a huge fan of the Kane character. It has nothing to do with his in-ring ability or his admittedly-decent look. When he debuted in 1997, he was portrayed as a one-dimensional cartoon; The Undertaker's long-lost brother, a cross between The Dead Man and Frankenstein. And of course, even though they've attempted to give his character a few more "layers" over the years, they just beg more questions.
But what if there was a decent explanation behind Kane's madness; something more than the Russo-esque account that was force-fed to us, and conveniently changed numerous times during the Attitude Era? One minute, he killed his parents. The next minute, it was actually The Undertaker who did the deed. One minute, he and Taker are mortal enemies, and the next minute, they're best of friends. One minute, he needed a voice-box to speak, the next minute… well, you get the picture.
That's what "Journey" attempts to explain, in a writing style that borrows a little from Stephen King (not nearly as strong, mind you). We begin with a four year-old Glen Jacob Callaway (tying Kane's real name of Glen Jacobs and Taker's Mark Callaway together), awakening as his family's funeral home burns to the ground and apparently, as the only survivor.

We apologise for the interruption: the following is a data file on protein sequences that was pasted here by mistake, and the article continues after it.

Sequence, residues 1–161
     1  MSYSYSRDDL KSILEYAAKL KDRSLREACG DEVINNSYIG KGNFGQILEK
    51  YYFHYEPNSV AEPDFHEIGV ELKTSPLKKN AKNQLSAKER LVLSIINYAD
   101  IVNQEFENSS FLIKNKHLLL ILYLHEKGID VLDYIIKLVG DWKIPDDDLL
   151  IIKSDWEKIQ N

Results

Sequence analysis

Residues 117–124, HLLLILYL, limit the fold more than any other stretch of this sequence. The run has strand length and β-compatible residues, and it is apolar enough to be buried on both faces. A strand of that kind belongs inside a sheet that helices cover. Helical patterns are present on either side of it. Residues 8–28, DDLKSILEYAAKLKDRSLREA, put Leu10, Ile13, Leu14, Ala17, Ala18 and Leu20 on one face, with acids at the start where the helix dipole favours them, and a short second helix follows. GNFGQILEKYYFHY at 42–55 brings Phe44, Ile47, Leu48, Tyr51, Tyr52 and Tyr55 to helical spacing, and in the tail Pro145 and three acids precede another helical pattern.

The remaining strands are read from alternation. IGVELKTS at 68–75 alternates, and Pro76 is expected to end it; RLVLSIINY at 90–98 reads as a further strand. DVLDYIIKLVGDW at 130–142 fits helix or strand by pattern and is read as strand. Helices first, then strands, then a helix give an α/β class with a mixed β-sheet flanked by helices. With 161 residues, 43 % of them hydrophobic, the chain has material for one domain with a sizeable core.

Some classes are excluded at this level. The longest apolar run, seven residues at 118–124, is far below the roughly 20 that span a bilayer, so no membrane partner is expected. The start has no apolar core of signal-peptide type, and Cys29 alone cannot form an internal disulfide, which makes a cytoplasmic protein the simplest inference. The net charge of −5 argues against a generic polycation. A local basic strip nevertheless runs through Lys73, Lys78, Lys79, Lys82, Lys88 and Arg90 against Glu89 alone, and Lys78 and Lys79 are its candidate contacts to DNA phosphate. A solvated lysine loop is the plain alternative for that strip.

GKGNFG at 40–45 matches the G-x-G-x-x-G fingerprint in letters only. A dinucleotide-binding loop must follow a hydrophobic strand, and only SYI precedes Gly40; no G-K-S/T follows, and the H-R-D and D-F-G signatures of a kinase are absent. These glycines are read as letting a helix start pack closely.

In time, we learn about how characters such as Paul Bearer, Vince McMahon and yes, even Katie Vick fit in. The only thing missing is the mysterious story of May 19th and Kane's evil doppelganger - though to be fair, this book was published years before that angle played out.
Give Chiappetta a ton of credit. He was able to do something WWE's creative could never do - make sense of the Kane storyline without contradicting himself. This certainly isn't a traditional autobiography, but that doesn't mean it isn't without its charm.
Overall Rating: Transitional Champion. Limited appeal outside of those who are big Kane fans, but I give WWE an 'A' for effort in trying to sort out the convoluted story behind The Big Red Machine.